Ghazal 320x, Verse 3


yak nashv-o-numaa jaa nahii;N jaulaan-e havas ko
har-chand bah miqdaar-e dil-e tang nikaaluu;N

1) not a single place of growth/flourishing, for the wandering/movement of desire/lust!
2) although I would bring it out in the proportion/measure of the narrow heart


nashv : 'Intoxication, drunkenness; exhilaration (from wine, &c.), hilarity'. (Platts p.1141)


namaa or numaa : 'Growing; increasing; rising; growth; increase; rise'. (Platts p.1153)


numaa : 'Showing, exhibiting, pointing out;—showing itself, appearing'. (Platts p.1153)


nushv-o-namaa : 'Growth and increase'. (Steingass p.1404)


nashv-numaa : 'Growing up'. (Steingass p.1405)


jaulaan : 'Wandering up and down, wandering about; moving or springing from side to side ... moving round ... coursing; ... Fetters, irons'. (Platts p.398)


havas : 'Desire, lust, concupiscence, inordinate appetite; — ambition; — curiosity'. (Platts p.1241)


miqdaar : 'Measure; quantity, quantum; magnitude, size, bulk, dimension; proportion, extent; space; amount, sum, number attained'. (Platts p.1055)


Nowhere in the world is there enough space for my desire to wholly grow up. Although I would bring out my desire/lust to the extent possible for my narrow heart, not even that much can emerge.

== Asi, pp. 171-172


'Growing up' is a measure of place; that is, if with a thought of the narrowness of the heart I would want to bring out even a little desire, even then for its movement there's not enough room anywhere. The point is that when even my smaller than smallest longing cannot be fulfilled, then what would I long for?

== Zamin, p. 253

Gyan Chand:

For estimating proportions, Ghalib uses various words-- yak-bayaabaa;N aarzuu , yak-zaanuu ta))aamul , and so on. In this way, for a place he has carved out the construction yak-nashv-o-numaa jaa -- that is, the amount of space in which a plant would be able to bloom and bear fruit. My heart is narrow. The heart of a sorrowful person is [habitually] indeed narrow. I want to set in motion my desire, in order to obtain the desire [kaam] of my heart, but in the world there's absolutely not enough space for the fulfilment of desire or longing. Although in accordance with the narrowness of my heart I would set in motion an exceedingly small desire, still the world is so unfavorable that there's not even any scope for its coming true.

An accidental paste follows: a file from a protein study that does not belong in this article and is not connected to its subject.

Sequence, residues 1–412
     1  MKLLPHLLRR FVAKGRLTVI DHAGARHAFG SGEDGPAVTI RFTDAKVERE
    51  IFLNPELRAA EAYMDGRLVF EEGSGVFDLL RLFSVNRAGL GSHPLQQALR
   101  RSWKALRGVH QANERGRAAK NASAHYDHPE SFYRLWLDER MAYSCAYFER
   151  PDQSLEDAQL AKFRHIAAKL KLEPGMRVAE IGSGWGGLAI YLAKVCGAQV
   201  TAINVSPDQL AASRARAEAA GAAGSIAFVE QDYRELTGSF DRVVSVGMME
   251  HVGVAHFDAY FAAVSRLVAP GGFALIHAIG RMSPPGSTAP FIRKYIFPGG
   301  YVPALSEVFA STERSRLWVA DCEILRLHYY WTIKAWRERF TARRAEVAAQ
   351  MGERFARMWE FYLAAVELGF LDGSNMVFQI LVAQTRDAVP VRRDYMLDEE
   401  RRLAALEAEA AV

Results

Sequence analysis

== Gyan Chand, p. 277



For more on Ghalib's unpublished verses, see the discussion in {4,8x}. See also the overview index.

On yak versus ek , see {78,6}. Gyan Chand thinks that yak-nashv-o-numaa jaa is an example of a special, Persianized idiomatic structure; for discussion and examples, see {11,1}. I can't really agree; to me it seems more like a 'reversed i.zaafat ' based on jaa-e nashv-o-numaa . As so often, the first line piques our curiosity while remaining quite uninterpretable (no such place-- where? why?).

The first line turns out to be quite grandiose enough-- no place at all is sufficient for the proper flourishing and movement of the speaker's desire/lust. Then the second line piles on even further grandiosity-- all places are inadequate, even though the speaker's desire/lust would be constrained in quantity by the 'narrowness' of his suffering heart. So even a tiny fraction of the speaker's desire/lust would still be way too much for the universe to accommodate!

Fortunately it sounds as though the speaker may not have any immediate plans to 'bring out' his desire or lust. Compare {5,4}, in which the speaker's most casual thoughts are so potent that he inadvertently burns down the desert.